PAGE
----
A celebrated Indian nun who rescues Cameroonian women from slavery in the Middle East has called for greater support for victims to help them recover from the horrors of being drugged, raped and abused.
Sister Vanaja Jasphine says she has identified more than 200 women who have been trafficked from the central African nation and enslaved in the Middle East in recent years.
The 39-year-old nun last year helped to bring home 14 trafficking victims, whom she refers to as Cameroon’s “children”.
A rising number of African women are heading to the Middle East for domestic work, driven abroad by the lack of jobs at home, rights activists say. Yet many have their passports confiscated and end up trapped in modern-day slavery.
“One woman was thrown from the balcony of a two-storey building by her employer after she accidentally burnt her boss’s shirt whilst ironing,” Jasphine said of a victim in Kuwait.
Others are drugged and turned into sex slaves – being raped multiple times a day and even forced to have sex with animals.
“They come home with a lot of trauma,” Jasphine, coordinator of the Justice and Peace Commission of Kumbo, told the Thomson Reuters Foundation in a seminary in the capital Yaounde.
“Sometimes, a (woman forced to be a) sex worker can be exploited 15 times a day – physically, mentally, she’s drained … she’s gone,” added the nun, who moved to northwest Cameroon almost a decade ago to work with the country’s poorest.
“In the end, she doesn’t have anything. She comes back in the same dress she left in.”
Jasphine was hailed in June as one of eight global heroes in the fight against trafficking at the launch of the United States’ annual Trafficking in Persons (TIP) report, which grades countries on their efforts to stamp out modern-day slavery.
But Jasphine has no time for celebrations.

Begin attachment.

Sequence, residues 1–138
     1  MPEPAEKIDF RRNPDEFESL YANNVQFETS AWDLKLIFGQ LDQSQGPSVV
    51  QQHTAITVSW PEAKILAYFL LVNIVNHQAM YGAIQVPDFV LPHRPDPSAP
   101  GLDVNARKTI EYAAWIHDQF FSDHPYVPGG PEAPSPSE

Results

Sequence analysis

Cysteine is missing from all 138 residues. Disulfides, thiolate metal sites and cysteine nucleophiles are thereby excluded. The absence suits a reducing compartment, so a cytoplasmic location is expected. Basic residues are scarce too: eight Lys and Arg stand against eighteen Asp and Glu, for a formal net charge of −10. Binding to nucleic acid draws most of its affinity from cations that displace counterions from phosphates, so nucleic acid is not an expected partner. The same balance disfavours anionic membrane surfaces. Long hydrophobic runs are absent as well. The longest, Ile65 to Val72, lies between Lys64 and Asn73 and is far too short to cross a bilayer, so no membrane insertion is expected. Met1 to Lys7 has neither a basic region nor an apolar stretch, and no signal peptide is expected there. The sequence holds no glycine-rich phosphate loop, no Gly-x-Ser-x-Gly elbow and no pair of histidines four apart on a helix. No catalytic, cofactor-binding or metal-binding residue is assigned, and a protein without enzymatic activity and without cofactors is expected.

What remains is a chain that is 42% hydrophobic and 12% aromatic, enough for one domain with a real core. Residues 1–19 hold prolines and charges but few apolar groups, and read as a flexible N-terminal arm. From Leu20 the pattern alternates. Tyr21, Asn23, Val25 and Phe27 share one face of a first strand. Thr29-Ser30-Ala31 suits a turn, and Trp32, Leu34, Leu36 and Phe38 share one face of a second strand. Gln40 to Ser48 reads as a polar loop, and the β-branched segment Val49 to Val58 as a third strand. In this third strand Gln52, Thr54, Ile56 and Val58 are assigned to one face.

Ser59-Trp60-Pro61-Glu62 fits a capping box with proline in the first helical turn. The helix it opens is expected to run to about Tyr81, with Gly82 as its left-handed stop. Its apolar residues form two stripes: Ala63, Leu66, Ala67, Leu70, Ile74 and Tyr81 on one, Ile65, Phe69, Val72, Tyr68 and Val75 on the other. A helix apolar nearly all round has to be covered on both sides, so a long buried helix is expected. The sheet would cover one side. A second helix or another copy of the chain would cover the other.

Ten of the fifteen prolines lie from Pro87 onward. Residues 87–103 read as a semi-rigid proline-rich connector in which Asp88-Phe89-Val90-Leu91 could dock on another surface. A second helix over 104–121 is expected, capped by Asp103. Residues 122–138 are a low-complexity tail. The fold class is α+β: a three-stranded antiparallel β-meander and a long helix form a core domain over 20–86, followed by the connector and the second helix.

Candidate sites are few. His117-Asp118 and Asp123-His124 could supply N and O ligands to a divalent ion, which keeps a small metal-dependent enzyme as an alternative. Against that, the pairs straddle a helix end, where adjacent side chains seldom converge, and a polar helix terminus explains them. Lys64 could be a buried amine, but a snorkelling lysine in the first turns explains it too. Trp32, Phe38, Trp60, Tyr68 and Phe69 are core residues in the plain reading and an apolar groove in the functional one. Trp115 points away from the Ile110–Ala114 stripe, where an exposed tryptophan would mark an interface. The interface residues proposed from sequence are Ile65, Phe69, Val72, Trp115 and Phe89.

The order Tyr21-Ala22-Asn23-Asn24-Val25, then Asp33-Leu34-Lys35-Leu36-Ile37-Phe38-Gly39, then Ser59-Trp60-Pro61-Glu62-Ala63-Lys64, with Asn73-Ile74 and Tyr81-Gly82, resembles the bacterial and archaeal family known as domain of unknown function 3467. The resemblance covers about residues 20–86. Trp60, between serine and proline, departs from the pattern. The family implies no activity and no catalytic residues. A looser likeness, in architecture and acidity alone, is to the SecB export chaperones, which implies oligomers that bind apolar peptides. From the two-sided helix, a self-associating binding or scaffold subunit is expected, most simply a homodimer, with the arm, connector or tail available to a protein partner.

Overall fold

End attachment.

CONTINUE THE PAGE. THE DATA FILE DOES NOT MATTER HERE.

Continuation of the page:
She is too busy seeking funding, counseling and support for victims left traumatized by their ordeal abroad.
TRAFFICKERS CHANGE TACTICS
Jasphine says she identifies trafficking victims by working with activists, community leaders and civil society groups.
To raise awareness about their plight, she has helped organize demonstrations, where women have marched with placards reading: ‘Bring back our suffering daughters’.
“We got a lot of support from the people,” said Jasphine.
“It touches every heart because they (the people) feel: ‘It’s my own child who is affected, who is exploited’.”
She has also lobbied government officials, all the way to the country’s prime minister, to do more to help the women.
Cameroon has made strides towards meeting the U.S. minimum standards to end trafficking, having provided services to some victims and sent a delegation to the Middle East to discuss Cameroonian workers’ rights, the 2017 TIP report said.
Yet the state has not funded repatriation for slavery victims stranded in the Middle East, and continues to rely on civil society groups to bring trafficking cases to its attention and provide most services for victims, the report said.
The government has tried to crack down on Cameroonians traveling to the Middle East, but traffickers have changed tactics, and are instead flying women via Nigeria, Jasphine said.
She said the government must now do more to help those coming home.
Although her organization and other groups try to help victims get back on their feet, take them to hospital and provide counseling, it is simply not enough, the nun warned.
“It is very disheartening,” Jasphine said, showing a series of distressed text messages from one of the women she helped to rescue from Kuwait, who is now struggling financially.
“Much more needs to be done.”